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R: st: baseline adjustment in linear mixed models


From   Formoso Giulio <GFormoso@regione.emilia-romagna.it>
To   "statalist@hsphsun2.harvard.edu" <statalist@hsphsun2.harvard.edu>
Subject   R: st: baseline adjustment in linear mixed models
Date   Thu, 14 Feb 2013 10:19:43 +0000

Thank you very much for your opinion and for the arguments and clarity supporting it! I'm impressed about how good is the exchange of opinions in statalist

Sincerely, Giulio

-----Messaggio originale-----
Da: owner-statalist@hsphsun2.harvard.edu [mailto:owner-statalist@hsphsun2.harvard.edu] Per conto di Seed, Paul
Inviato: mercoledì 13 febbraio 2013 19:52
A: statalist@hsphsun2.harvard.edu
Oggetto: Re: st: baseline adjustment in linear mixed models

Clyde Schechter clearly explains the algebra behind two ways of analysing intervention studies with observations at baseline (time=0), and one or more later time points.
He compares
(method 1) -xtmixed- with all time points considered equally, (method 2) ANCOVA-type models in which baseline is treated as a covariate. 

The models are very similar, but Method 2 involves an extra parameter, relating to the correlation between baseline measures and other. 

He suggests that method 1 is superior because it makes no distinction between time points, but with method 2 " one is, in effect, distinguishing the baseline observations from all others and saying that it (or something for which it is a proxy) exerts special influence over all the other observations that the other observations do not exert over each other."

I suggest that this is not accurate.  
With method 2, depending on the value of the extra parameter, baseline may be found to have a larger, a smaller or an equal influence.  With method 1, an equal influence is the only option.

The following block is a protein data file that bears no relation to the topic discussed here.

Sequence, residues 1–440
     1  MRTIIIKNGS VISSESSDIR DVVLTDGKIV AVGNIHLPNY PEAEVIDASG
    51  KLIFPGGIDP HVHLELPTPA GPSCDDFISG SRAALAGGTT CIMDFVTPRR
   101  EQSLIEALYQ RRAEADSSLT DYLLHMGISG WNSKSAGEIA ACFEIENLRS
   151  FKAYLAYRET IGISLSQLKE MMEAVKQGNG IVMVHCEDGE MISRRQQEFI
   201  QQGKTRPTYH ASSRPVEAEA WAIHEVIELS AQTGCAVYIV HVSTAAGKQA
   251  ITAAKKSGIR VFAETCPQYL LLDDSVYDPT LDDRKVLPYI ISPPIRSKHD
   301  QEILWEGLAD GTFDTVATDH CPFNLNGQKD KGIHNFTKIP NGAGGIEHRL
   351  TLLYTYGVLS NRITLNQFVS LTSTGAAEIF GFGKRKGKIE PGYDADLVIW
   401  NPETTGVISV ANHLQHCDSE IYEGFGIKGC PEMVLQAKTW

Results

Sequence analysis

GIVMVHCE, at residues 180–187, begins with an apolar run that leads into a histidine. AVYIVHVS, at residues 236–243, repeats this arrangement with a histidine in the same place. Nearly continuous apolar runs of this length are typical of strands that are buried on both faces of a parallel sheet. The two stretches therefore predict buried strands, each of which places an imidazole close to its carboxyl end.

If equal influence was correct, the two methods would differ trivially, due to the one lost degree of freedom corresponding to the extra parameter.
But otherwise, method 2 would be superior.

In fact,  there is evidence that in real data sets baseline measurements do have a smaller influence, with lower correlations with measurements taken at other times; e.g. Frison & Pocock (1992), particularly when summary scores are used.  The authors suggest that this is due to the greater time-gap involved.  

There is a second reason for treating baseline measurements separately.
In an intervention trial, it is common to find higher variance in the outcome for patients on treatment than at baseline or on placebo; due in large part to non-compliance (not taking the tablets).  
No reference to hand for this, but I've found it true in several studies I have worked on.

If baseline measurements are not included in the outcome (and not otherwise), all the measurements with the higher SD have the same subject ids; the unequal variance can be accommodated simply by using robust standard errors, clustered by subject id.  

Both these real complications can perhaps be accommodated within Clyde's preferred -xtmixed- framework, but perhaps not simply.


Reference:
Frison L & Pocock SJ (1992). Repeated measures in clinical trials: analysis using mean 
summary statistics and its implications for design. Statistics in Medicine; 11: 1685-1704

Best wishes, 


Paul T Seed, Senior Lecturer in Medical Statistics, 
Division of Women's Health, King's College London
Women's Health Academic Centre, King's Health Partners 
(+44) (0) 20 7188 3642.



*****************************************
Clyde Schechter wrote:
*****************************************

Giulio Formoso raises a question that comes up from time to time on Statalist: he plans to do a linear mixed model analysis of repeated-observations on a sample of units of observation, and asks if it is appropriate to include the baseline outcome value as a covariate.

Back to basics.  Let's think about a very simple statistical model that could be analyzed with the command:

- -xtmixed y || participant: -

with no independent variables.  And let's assume that there are 2 observations for each participant.  In equation form, this model is:

y_ij = mu + u_i + eps_ij, where i indexes participants, j = 1,2 indexes observations.  The standard assumptions are the u_i ~ N(0, sig_u), eps_ij ~ N(0, sig_e), iid.  From this, we can deduce that y_i1 and y_i2 have a joint bivariate normal distribution with mean mu and variance V = sig_u^2 + sig_e^2, and correlation r = sig_u^2/(sig_u^2 + sig_e^2).



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